R: In this movie, you give us plenty of Dylan music, but you never tell us his name, as you do for Ginsberg and several others. Did you ever consider shrouding other characters in anonymity?

TH: It's a good question, because there's Michelle Williams' character, who's clearly a riff on Edie Sedgwick, but we give her a fictional nameā€¦

R: Which is ironic, if you compare it to Factory Girl...

TH: Exactly, where Bob Dylan has a fictional name ["The Musician"]. I think it's almost like I had to give the real names to the characters that are so well known, if they had an autonomy outside of the Dylan universe. Whereas those, at least in our story, who are known solely in relation to Dylan characters, became a part of the fictional framework of it. Like "Alice Fabian" is really Joan Baez, since they're completely known and discovered through the "Jack" story [where Christian Bale plays a Dylan-like character named "Jack"]. They don't really have a life outside of it.

R: How do you feel about people seeing this movie without knowing anything about Dylan?

TH: I actually think that it's easier for people who know less about Dylan to go with it, if they're up for something different. Clearly, that's the first thing: Whether you know Dylan or not, you have to surrender to the movie to have a good time at all and get anything out of it. If you have a lot of Dylanisms in your head, it's kind of distracting, because you're sitting there with a whole second movie going on. You're annotating it as you go. It's kind of nice to sit back and let it take you. I think people get it: Even if you don't know which are the true facts and which are the fictional things, and when we're playing with fact and fiction, from the tone of it, you know that it's playing around with real life. In a way, that's what biopics always do. They just don't tell you that they're doing it, and they don't make it part of the fun. You have to follow the Johnny Cash story and just sort of think, "This is what really happened." Of course, you know it's being dramatized, but you're not in on the joke. You're not in on the game of that. In this movie, at least, you get tipped off to it.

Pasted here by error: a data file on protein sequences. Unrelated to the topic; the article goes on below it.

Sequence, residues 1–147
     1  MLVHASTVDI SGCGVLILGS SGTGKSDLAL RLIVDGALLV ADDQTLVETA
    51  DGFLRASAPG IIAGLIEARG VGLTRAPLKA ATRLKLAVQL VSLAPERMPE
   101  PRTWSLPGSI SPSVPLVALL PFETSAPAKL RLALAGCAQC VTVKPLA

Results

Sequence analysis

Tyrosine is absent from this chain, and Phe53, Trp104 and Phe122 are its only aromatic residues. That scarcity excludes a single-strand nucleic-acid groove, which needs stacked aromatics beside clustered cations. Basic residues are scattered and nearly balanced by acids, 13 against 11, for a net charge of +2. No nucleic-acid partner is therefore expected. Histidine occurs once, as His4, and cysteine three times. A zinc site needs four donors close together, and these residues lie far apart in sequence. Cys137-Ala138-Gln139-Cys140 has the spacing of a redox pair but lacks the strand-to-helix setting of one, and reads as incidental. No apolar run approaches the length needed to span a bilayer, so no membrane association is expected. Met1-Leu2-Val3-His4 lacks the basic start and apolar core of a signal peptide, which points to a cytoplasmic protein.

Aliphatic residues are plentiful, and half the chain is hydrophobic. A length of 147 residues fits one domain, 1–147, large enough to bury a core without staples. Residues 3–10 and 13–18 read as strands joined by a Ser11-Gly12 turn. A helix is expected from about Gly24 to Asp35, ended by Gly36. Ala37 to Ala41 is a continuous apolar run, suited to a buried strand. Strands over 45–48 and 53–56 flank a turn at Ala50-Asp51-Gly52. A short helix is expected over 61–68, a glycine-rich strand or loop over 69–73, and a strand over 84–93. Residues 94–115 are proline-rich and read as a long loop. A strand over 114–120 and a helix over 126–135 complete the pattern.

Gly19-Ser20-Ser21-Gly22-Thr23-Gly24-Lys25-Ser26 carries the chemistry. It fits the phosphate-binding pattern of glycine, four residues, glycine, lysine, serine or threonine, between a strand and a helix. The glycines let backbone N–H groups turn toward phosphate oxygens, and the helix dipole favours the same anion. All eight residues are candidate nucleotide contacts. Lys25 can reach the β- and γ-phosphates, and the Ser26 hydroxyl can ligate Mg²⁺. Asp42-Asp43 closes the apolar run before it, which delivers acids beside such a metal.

R: The Weinstein Company is releasing your movie at Film Forum and Lincoln Plaza Cinemas prior to its national roll-out. What are your feelings about this unique distribution strategy?

TH: I always knew that this was a film that should be platformed. It's not the kind of the movie that you're going to put on a massive number of screens on the first day. In that way, we were always on the same page. We start it small, let people talk about it and generate interest. Now, because of the amount of interest -- some of the awards we've already gotten -- Harvey [Weinstein] and I are thinking, "Is it too small to start this way?" We might make some variations on that plan, but I still think it's the right way to go. Just to start smaller and build it. I love Film Forum. I think it's an amazing institution.

R: Looking back on the last decade, what's your feeling about the way that whole so-called "movement" was perceived?

TH: I never had a problem with it. In fact, I was proud to be a part of it. There were people like Gregg [Araki], myself, and Tom Kalin, with a real diversity of film styles. None of those films looked like each other, and they were all different from mainstream movies like Longtime Companion that were trying to tell stories about the AIDS-era in more traditional ways. There's a place for that, but I felt like at least the New Queer Cinema band of filmmakers and films were experimenting formally and stylistically with the content. By the time I made my second feature, Safe, which challenged the question of content as it pertained to queer directors and their points of view, we had already broken the mold, and it made me think that maybe it's not all about content. Maybe we don't even need to define people as queer in order to have points of view to be queer. I don't know. The ease of categorization became harder. Sexuality and identity are so mysterious that nothing holds in a category. Gregg had a long relationship with a woman since I knew him in those days, and we've never talked about it, but other gay friends would be like, "That's so weird," and I'd just be like, "That's awesome." I mean, sexuality is always a surprise. And so is identity, and...

R: This movie?

TH: And this movie!

Comments (1)

This is interesting: In the seventies academics were always complaining about the semantic loss of the word "gay" to its new meaning (homosexual.) They never mentioned that the word "queer" had been co-opted in the name of bigotry by an earlier generation and that it's traditional meaning (odd or out of place) had also been lost. Now it seems that "queer" is being returned to the lexicon with it's old meaning restored by the very people it had meant to disdain. Good show, Todd Haynes.